In association with FTI Consulting Inc., and along with many friends and associates, we explored the myriad of factors influencing investment decisions in energy and infrastructure project success in Africa. What makes a project viable and successful? How do investors assess options? What do project developers need to do (and avoid) to attract funding? What are the risks?

Despite inherent challenges, the African continent offers investors and developers of energy and infrastructure projects a multiplicity of opportunities. Access to power and infrastructure are critical enablers for economic growth and development across the continent, improving quality of life for its people and providing opportunities for both African and international businesses.

Energy and infrastructure projects in Africa are often part of much wider government plans and so are inherently subject to risks. Most projects run for five to 20 years and have major social economic and political implications; they last a long time and outlast different political cycles. As a result, project participants must be realistic in anticipating that adverse publicity may occur at some point in the project lifecycle. If the project is fundamentally viable, then it is more than likely able to defend itself, making challenges surmountable.

What are the factors influencing risk?

Being aware of the risks and managing them carefully can result in a successful project for all parties, even in frontier markets, post-conflict countries and fragile states. Choosing the right location, understanding political environment and regulatory regime, choosing the right partners and effective community engagement all play a huge role in influencing the chances of success.

How are risks assessed and managed?

First and foremost, undertaking an in depth risk assessment of the domestic market is essential in selecting the best jurisdiction for a project. Of course, thorough due diligence on the project is also essential. Confidence can be gained from ensuring the project is of strategic importance to the host government, even though investors and developers need to be simultaneously cognisant that many projects are inherently politicised and with that comes risks that are often unavoidable. It is commonplace for governments to hold a stake in the project, for example, and it is important they remain committed to their respective contractual obligations, e.g. in respect of payments due to be made under a PPA.

Identifying an appropriate government support mechanism is crucial to ensure that future governments remain steadfast to their contractual commitments. Should the government not do so, there are particular challenges associated with disputes involving host governments. Assessing, and taking steps to mitigate the impact of those challenges is an important part of that in-depth risk assessment and pre-investment planning, be it through structuring an investment to benefit from treaty protection, including specific protections such as stabilisation clauses, and negotiating an effective dispute resolution clause which enhances the prospects of recovery.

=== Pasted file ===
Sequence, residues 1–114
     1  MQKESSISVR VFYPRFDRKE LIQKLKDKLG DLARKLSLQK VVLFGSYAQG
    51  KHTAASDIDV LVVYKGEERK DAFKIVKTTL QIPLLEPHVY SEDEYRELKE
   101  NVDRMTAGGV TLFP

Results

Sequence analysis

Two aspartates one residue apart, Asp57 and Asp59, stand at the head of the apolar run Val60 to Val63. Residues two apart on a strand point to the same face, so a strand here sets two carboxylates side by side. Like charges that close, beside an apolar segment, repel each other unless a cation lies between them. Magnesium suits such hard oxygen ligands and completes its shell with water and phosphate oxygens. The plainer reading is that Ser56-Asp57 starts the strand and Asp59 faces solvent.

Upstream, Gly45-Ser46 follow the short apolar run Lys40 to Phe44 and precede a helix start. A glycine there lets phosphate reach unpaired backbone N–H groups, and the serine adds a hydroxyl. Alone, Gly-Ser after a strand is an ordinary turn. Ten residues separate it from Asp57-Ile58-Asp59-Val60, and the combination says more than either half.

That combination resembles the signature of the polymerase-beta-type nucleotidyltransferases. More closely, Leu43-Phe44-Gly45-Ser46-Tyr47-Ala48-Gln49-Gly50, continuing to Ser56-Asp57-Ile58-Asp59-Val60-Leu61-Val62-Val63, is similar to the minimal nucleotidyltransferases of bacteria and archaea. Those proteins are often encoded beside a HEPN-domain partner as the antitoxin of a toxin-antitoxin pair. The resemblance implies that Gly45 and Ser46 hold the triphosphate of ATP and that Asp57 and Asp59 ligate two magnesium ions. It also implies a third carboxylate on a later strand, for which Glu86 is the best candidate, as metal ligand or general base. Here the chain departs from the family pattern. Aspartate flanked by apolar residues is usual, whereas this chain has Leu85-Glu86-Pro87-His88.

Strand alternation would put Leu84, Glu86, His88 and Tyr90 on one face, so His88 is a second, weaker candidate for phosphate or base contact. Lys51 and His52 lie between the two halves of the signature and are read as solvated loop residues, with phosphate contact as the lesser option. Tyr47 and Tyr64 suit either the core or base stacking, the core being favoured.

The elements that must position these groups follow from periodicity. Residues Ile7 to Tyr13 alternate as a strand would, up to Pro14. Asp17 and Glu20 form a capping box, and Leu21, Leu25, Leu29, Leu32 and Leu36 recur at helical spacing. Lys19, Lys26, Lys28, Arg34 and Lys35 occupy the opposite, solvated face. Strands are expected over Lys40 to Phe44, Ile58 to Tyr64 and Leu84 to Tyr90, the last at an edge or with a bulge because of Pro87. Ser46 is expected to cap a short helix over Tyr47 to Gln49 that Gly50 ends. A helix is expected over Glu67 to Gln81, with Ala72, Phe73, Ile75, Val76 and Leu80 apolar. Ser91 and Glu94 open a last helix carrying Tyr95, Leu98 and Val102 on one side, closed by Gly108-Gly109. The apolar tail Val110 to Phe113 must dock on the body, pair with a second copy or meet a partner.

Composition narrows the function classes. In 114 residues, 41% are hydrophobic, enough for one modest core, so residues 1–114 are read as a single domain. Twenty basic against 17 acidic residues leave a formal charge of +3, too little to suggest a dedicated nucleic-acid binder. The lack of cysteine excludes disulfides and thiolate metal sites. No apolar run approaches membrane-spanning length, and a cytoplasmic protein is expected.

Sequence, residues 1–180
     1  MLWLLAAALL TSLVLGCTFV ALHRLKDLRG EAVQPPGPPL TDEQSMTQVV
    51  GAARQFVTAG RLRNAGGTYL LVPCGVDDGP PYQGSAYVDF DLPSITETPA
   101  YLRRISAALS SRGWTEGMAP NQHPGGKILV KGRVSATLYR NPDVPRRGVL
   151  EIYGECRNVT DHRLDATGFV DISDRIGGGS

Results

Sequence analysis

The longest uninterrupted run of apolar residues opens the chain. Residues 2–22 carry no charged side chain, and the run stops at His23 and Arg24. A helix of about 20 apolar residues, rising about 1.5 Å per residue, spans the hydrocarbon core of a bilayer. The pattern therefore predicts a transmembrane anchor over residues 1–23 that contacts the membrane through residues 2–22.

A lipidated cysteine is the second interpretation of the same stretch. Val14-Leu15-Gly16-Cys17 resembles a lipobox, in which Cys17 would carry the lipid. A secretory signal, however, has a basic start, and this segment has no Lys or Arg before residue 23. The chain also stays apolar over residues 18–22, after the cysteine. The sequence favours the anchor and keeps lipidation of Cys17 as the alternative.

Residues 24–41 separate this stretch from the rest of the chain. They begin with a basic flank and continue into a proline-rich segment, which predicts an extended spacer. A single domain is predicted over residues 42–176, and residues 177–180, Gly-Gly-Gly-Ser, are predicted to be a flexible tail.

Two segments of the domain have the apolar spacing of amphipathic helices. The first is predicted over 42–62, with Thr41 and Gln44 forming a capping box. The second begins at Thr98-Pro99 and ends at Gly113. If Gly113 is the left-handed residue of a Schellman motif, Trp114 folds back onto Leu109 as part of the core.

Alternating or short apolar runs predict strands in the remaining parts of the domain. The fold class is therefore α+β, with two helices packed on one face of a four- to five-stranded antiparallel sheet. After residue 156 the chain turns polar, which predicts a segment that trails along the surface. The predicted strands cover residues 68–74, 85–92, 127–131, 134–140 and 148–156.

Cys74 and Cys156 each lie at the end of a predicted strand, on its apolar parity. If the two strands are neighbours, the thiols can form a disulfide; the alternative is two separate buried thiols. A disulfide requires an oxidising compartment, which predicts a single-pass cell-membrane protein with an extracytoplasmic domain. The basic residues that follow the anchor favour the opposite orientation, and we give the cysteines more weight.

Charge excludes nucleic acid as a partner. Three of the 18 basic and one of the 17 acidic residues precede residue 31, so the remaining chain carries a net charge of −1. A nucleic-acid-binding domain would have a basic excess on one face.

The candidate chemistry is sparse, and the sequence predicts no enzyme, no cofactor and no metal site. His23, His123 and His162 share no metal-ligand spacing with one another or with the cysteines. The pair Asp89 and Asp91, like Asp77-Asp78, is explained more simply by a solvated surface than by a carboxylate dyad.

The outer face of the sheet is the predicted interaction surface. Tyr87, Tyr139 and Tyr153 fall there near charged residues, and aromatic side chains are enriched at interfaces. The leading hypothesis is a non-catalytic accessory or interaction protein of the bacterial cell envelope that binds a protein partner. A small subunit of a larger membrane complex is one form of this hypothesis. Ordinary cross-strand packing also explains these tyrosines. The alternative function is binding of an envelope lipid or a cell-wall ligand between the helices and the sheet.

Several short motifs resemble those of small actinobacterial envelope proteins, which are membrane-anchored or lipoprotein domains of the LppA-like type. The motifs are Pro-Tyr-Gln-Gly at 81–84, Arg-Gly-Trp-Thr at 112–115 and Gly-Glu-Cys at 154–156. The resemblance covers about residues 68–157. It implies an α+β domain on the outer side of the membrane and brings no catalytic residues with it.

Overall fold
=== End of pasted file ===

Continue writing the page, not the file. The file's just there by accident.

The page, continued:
When it comes to selecting project partners, one of the key considerations is to ensure that a local partner is able to manage both domestic issues and navigate complex financing structures. Testing partner depth of sector knowledge and experience is also essential.

Finally, effective community engagement should be considered critical to ensure project success. Land and relocation issues often come into play when local communities are affected, particularly in relation to the need to fund housing and economic opportunities which can - up to a point - be provided by project companies, developers and DFIs. Project investors are increasingly becoming more adept at monitoring the flow of cash to ensure it is received by those impacted - and that it is appropriately used. Indeed failure to effectively engage with local communities can pose significant security and political issues, underlining the importance of fully understanding the local environment in which you are working. And, it is important to point out, that community engagement should not be limited to the development stage of the project, but in fact its entire lifespan to manage the ongoing impact of the project on the local people.